The Bucket Challenge

I know what you’re thinking – she left out the word ICE in the title. Well, no, that was intentional.

First, I LOVE the ice bucket challenge! I’ve enjoyed watching videos of friends, relatives, strangers, celebrities, and college presidents taking the ice bucket challenge. I click on the link to every video despite the fact they’re all pretty much the same and each one brings a smile to my face.

We’ve lost three family members to ALS in the past decade. My dad’s cousin’s husband, Howard, my mom’s uncle, Condit, and John’s cousin’s husband, Gary all suffered with this disease and lost their battles.

In addition, two neighbors have been diagnosed with ALS and seeing the changes in Jim has been heartbreaking. I’m delighted at the publicity and donations rolling in to such a worthwhile organization.

However, the reason I left out the word ICE is because I’m taking a different challenge. My daughter Sarah issued the following challenge:

photoand I accepted as did her sister Emily. (In fact, you should read what Emily posted on her blog about the #icebucketchallenge.) Of course, Emily challenged her Dad, and since both girls knew their sister, Meghan had already contributed $100 to our team for next month’s Walk to End Alzheimer’s, she wasn’t called out!

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What a great thing the ice bucket challenge has been! It’s started conversations about ALS. It’s encouraged people to donate to the A.L.S. Association; but it’s also started an even bigger conversation about the numerous organizations that need our support, both financial and as volunteers.

So, to the A.L.S. Association, yes, the check is in the mail. And on Saturday, September 6th, I’ll be walking to end Alzheimer’s. Our team can use your help! Click here to donate.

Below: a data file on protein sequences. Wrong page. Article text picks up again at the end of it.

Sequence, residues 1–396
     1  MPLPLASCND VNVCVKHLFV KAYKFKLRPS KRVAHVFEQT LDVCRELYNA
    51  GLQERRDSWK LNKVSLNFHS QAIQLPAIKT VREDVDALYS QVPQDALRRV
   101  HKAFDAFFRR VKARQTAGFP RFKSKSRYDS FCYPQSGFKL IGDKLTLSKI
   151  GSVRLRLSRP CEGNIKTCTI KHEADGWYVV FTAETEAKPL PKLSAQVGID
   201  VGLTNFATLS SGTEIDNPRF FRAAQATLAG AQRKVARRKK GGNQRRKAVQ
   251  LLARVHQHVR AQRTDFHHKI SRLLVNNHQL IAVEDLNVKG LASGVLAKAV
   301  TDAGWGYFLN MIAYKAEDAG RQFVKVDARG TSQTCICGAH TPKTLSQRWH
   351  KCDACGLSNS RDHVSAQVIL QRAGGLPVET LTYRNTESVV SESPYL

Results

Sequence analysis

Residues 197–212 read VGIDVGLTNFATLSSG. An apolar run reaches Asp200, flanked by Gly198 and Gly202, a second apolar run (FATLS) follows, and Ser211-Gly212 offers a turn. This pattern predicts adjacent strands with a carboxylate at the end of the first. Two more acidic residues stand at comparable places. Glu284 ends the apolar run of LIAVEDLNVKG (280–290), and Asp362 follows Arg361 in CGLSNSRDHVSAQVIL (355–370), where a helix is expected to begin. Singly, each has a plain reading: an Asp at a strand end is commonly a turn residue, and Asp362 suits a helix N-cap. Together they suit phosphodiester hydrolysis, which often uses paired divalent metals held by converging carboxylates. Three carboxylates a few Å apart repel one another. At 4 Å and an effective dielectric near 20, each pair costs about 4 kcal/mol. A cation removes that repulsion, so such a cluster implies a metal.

And instead of calling out any individual to accept the ice bucket challenge, I’d like to challenge everyone who reads this to make a contribution of time or money to any organization you feel passionate about. No ice required, but heck, it’s August and the “Feels Like” temperature is 100°, icy cold water may be just what you need to cool off.

 

 

Take Care of Your Brain

With this year’s Memory Walk just around the corner, I’ve been receiving email from the Alzheimer’s Association regarding not only the walk but information on their research and other programs. In addition, there have been numerous stories about Alzheimer’s research on the news of late.

First I heard a story about a “smell” test that may predict the development of the disease, and then last week I saw a report about how a test performed by your eye doctor can be used as a predictor of problems 15-20 years in the future.

However, the news that most interested me was regarding brain health. I’ve been bombarded by stories on television, the radio, and from the Alzheimer’s Association about real, effective steps that can be taken to reduce the risk of Alzheimer’s disease or dementia, and that’s the message I want to know more about.

Four areas identified to maintain a healthy brain by the Alzheimer’s Association include:

  1.  Be active. Not only does an active lifestyle reduce the risk of heart disease, diabetes, and stroke, but it’s essential for good blood flow to the brain something necessary to encourage new blood cells. Thirty minutes a day of moderate exercise can make a difference.
  2. Eat healthy. Getting the right balance of nutrients found in fruits, vegetables, fish, and nuts, while limiting food high in fat and cholesterol appears to protect brain cells. Good nutrition also prevents high blood pressure and high cholesterol two more risk factors for the development of dementia; and maintaining a healthy weight significantly reduces the chance you’ll develop the disease. Eat well and in moderation.
  3. Spend time socializing. This sounds like a good excuse to enjoy time with friends. Social interaction improves brain health. Volunteer, join a club or community group, enjoy sporting or cultural events, participate in religious activities. Even engaging at work is beneficial.
  4. Use your brain. I’m sure you’ve heard the expression, use it or lose it. Well, that applies to your brain. Engage in mental activity that stimulates your brain. Read, write, do puzzles, play games, learn new things. All of these activities provide the mental exercise your brain needs to thrive.